I'm considering picking up a Nikon D3200 for telephoto use. I find it's pretty comparable in price to buying a teleconverter (if I shop around) being the 1.5x crop factor. There is the added advantage of being another camera, so I have a backup body and it's much lighter than the D800.
...
With the megapixel difference between the D3200 and the D800, wouldn't cropping the D800 pictures pretty much give the same result?

If you do decide to go with a DX camera, while more expensive, a D7100 might be a better choice. It uses the same batteries as the D800 and is also dust and water resistant like the D800.
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Old Jun 23, 2013, 01:08 PM   #5
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Originally Posted by alphaod View Post
I'm considering picking up a Nikon D3200 for telephoto use. I find it's pretty comparable in price to buying a teleconverter (if I shop around) being the 1.5x crop factor. There is the added advantage of being another camera, so I have a backup body and it's much lighter than the D800.....
Please don't tell use that you intend to use the crop-body as a kind of focal length multiplier. You could simply crop a full frame "FX" image and get the same result.

Can't you simply set the D800 to "DX" mode and read out only the center part of the frame? That is NOT what a teleconverter does.

If you are shooting something critical that requires a backup. Buy a backup that at least uses the same battery and type of memory cards. I don't know if the D800 and D3200 share those parts or not. But make sure your backup can share cards and batteries.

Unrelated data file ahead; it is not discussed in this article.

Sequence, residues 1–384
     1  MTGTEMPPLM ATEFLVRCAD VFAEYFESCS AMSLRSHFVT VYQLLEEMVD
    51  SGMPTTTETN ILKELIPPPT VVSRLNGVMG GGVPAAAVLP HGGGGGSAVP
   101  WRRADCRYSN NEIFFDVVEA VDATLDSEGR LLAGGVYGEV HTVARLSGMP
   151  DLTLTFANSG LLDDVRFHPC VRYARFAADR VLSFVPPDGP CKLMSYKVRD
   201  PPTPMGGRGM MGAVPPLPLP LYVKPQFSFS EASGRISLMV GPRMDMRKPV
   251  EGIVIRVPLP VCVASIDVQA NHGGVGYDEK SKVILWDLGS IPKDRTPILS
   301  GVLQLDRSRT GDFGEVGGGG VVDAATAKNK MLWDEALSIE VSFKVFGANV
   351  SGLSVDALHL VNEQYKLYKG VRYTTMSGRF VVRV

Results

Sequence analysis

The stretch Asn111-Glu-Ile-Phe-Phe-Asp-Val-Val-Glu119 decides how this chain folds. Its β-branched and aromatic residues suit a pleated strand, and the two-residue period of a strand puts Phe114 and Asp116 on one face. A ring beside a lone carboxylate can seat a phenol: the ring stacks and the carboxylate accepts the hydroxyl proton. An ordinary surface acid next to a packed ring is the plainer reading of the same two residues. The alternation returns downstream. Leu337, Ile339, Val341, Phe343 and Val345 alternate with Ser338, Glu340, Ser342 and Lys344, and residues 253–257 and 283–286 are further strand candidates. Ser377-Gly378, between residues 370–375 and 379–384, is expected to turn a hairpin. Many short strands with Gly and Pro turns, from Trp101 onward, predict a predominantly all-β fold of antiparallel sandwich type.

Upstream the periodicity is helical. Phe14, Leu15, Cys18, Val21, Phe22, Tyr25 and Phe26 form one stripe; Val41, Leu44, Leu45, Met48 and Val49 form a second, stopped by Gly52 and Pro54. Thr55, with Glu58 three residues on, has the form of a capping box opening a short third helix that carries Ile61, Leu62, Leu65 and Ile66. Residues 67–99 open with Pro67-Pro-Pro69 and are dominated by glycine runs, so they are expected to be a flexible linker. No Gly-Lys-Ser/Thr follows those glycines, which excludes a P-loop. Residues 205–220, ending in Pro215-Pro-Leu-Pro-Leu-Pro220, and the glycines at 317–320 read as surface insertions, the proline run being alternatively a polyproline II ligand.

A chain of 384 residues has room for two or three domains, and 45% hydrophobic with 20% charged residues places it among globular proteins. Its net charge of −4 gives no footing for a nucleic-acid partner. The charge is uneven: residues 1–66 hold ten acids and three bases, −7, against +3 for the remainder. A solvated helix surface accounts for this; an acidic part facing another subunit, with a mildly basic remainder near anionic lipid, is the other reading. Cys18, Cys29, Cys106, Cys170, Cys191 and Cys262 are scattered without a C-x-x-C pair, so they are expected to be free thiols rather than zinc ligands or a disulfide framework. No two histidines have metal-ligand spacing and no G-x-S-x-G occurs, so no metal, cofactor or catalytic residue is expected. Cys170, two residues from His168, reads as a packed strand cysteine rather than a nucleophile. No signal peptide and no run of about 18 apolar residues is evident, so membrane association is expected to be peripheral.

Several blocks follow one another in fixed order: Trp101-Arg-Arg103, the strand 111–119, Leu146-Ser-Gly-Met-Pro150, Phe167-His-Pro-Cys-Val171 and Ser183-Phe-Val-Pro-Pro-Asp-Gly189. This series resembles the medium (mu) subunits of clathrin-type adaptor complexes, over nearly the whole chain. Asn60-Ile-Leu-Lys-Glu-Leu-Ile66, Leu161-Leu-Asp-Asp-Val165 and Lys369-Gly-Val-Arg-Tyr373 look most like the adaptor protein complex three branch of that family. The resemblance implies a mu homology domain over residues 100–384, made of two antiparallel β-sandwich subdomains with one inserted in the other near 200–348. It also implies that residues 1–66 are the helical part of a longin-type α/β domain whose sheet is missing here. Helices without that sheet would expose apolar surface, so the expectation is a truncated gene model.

Also if you need the D800 for the kind of work you do, how could a D3200 provide a backup? Does this mean you'd get the same acceptable result with a D3200? If so you over spent on the D800. I guess what I'm saying is that you'd need a second D800 (or something very close to it) if you needed the first D800.
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Old Jun 23, 2013, 04:38 PM   #6
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Going to chime in.

I think you are asking very different questions and the answer for you depends on what you shoot and the reasons you shoot (i.e. hobby shooting or shooting for your income). You mentioned "effects" which makes me think you are shooting in JPEG rather than RAW.

I currently shoot with a Leica rangefinder most of the time because I desire a small package that is easy to carry around. Fits my shooting style. I've also really begun to appreciate manual focus making use of depth-of-field markings on the lens.

I recently bought a D3200 for my wife for an upcoming trip to Italy. Wanted something that is compact but can produce decent images if used correctly. Also bought this for my niece who is just starting out in photography but has a good eye.

I was pleasantly surprised by the D3200. In the past, the FX vs DX debate was largely centered on the technological restraints of sensors available at the time. DX sensors were much worse than FX sensors in low-light. I'm not sure this is currently an issue.

FX sensors can be better if you routinely shoot wide. DX sensors have some advantages if you routinely shoot long.